« Reply #12 on: Saturday 07 September 19 21:59 BST (UK) »
How do you DNA test for Downes?

Offline David Dunaway

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Re: Dunaway family circa 1700
« Reply #13 on: Saturday 07 September 19 22:31 BST (UK) »
Track a male descendant from a point on the tree where the name has remained Downes - and compare his DNA with the Dunaways descended from that lower branch (from William, is it?). If the lineage is as asserted, the Downes DNA would also be Haplogroup R-A914 (R-BY151141).

See center branch of O'Donoghue on the Big Tree link below.

https://www.ytree.net/DisplayTree.php?blockID=685


Offline Cathy Dunaway

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Re: Dunaway family circa 1700
« Reply #14 on: Monday 27 January 20 17:29 GMT (UK) »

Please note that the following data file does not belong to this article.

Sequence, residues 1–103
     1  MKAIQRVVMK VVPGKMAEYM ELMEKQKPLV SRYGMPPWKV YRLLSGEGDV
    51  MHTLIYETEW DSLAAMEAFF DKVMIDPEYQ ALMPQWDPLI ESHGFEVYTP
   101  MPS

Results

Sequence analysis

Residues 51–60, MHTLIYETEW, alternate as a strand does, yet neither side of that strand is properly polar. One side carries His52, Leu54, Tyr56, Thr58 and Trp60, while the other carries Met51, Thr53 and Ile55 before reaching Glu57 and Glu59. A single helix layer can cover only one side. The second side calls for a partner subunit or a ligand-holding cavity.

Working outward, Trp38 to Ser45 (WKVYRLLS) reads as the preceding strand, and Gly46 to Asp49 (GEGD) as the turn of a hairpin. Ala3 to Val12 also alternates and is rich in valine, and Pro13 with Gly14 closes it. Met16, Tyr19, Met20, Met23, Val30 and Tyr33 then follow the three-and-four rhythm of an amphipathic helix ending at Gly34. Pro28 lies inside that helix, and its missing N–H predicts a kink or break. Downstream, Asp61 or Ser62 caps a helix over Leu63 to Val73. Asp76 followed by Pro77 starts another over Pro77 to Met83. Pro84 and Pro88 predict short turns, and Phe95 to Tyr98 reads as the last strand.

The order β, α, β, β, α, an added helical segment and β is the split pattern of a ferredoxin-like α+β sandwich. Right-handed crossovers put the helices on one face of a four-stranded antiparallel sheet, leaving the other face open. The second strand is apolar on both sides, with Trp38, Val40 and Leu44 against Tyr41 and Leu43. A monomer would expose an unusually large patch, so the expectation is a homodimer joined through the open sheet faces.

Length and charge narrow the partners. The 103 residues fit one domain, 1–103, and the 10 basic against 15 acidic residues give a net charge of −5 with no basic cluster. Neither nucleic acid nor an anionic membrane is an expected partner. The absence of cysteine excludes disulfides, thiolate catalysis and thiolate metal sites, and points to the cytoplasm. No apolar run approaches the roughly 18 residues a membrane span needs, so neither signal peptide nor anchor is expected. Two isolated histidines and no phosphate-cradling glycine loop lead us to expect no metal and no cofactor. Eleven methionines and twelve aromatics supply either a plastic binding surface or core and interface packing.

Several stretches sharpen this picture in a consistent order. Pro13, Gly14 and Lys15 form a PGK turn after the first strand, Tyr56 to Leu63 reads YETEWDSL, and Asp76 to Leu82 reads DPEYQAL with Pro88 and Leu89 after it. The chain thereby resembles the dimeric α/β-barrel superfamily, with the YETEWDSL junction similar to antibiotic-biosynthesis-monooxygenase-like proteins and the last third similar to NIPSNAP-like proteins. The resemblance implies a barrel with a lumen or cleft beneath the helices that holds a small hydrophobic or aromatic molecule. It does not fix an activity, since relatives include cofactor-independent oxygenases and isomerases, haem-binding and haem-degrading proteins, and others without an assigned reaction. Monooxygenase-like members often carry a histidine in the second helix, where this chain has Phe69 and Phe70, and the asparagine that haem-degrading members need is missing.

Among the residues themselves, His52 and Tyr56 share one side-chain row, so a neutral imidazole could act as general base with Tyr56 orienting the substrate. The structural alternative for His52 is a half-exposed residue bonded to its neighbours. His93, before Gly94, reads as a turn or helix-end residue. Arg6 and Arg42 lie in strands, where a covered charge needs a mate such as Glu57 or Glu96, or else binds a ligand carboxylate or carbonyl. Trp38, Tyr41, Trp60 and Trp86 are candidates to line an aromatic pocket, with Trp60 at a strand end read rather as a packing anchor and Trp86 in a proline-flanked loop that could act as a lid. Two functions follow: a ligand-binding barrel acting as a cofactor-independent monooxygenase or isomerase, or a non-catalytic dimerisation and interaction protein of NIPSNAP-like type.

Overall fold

I too am looking to find the connection to Ireland I did find one interesting piece in the book of the Dunaway family of Virginia they say they have a Darby Donnavan that appears in the county records and then he just disappears there's no more information however around the same time Darby Dunaway appeared in an adjacent county. There is records for a Darby dunnavan in Ireland also having a wife named Mary father name Jon so I'm currently digging into this to see if there's some way to match it up. We've always been told the family is Irish and in fact my DNA says I'm 78% Irish so it has to come into play somehow I'm just not sure because if you look at what's on ancestry most people have Darby Dunaway and his father as John Dunaway but their English there is a record also of I believe it is a birth record for Darby Dunaway or a marriage record and I believe it says Mary stoneham it's hard to read the writings anyways it list her husband as John Donnovan. Have you made any other connections ?